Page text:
Oregon’s sweeping property-rights law upheld by state Supreme Court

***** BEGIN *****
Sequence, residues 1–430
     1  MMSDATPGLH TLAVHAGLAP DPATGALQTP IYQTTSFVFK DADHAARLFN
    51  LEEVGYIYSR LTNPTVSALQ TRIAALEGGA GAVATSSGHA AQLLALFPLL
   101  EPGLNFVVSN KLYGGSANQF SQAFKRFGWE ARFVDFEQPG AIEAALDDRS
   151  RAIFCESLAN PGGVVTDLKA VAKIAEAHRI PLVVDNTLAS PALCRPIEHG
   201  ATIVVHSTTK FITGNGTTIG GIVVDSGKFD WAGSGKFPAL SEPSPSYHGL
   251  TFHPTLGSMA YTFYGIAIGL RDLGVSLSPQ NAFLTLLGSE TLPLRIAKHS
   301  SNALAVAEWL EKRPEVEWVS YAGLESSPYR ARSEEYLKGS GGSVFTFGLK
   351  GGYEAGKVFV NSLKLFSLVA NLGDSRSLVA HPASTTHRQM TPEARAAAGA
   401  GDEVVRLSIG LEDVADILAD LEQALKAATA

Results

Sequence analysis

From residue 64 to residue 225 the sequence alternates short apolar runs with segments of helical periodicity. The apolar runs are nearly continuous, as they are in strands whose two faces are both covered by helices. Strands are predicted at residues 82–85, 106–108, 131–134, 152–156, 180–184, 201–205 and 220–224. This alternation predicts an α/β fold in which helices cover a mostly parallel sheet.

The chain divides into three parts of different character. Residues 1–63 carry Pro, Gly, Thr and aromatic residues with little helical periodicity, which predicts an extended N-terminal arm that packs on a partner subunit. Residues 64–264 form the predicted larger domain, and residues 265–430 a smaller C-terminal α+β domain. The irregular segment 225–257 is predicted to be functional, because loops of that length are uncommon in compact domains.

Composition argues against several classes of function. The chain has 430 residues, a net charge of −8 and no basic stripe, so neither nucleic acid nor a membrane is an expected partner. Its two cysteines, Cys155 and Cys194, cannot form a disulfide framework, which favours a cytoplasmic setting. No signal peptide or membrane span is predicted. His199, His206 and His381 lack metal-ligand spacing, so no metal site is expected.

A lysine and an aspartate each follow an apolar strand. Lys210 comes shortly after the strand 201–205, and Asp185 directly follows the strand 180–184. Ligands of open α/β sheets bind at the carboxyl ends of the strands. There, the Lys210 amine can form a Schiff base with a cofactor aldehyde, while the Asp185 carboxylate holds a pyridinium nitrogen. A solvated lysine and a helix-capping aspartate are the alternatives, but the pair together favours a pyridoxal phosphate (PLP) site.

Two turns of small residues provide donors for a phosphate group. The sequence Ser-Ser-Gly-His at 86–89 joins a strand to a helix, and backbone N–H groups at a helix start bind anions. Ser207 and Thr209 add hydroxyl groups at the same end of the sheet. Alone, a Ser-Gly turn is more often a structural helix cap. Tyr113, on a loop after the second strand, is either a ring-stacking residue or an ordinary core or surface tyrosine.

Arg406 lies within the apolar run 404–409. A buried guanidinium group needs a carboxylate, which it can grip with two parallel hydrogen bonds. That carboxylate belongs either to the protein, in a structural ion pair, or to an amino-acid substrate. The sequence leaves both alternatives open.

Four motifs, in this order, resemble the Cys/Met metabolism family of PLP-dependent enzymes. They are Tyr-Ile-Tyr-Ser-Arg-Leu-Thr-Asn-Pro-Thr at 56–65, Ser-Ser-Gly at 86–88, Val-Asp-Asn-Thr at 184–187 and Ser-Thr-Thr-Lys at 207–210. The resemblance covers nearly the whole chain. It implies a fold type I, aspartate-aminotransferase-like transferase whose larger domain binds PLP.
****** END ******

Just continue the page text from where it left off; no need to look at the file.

Will Oregon’s famously tough urban-growth boundaries be breached in favor of McMansions and office parks? Seems so. After an expedited review, the state’s Supreme Court unanimously ruled on Tuesday that a controversial 2004 property-rights ballot measure is legal. Measure 37 allows landowners seeking to develop their property to apply for waivers from tough state rules protecting open space if the state can’t compensate them for lost land value — and the state has no funds for such compensation. A lower trial court judge had ruled that Measure 37 violated both the state and federal constitutions, but the Supremes disagreed. The court’s ruling allows more than 2,500 applications covering 66,000 acres of land in the state to move forward. Open-space advocates may try to put anti-37 initiatives on the ballot, but also hope a new state task force, nicknamed “The Big Look,” will find other ways to bolster land protections.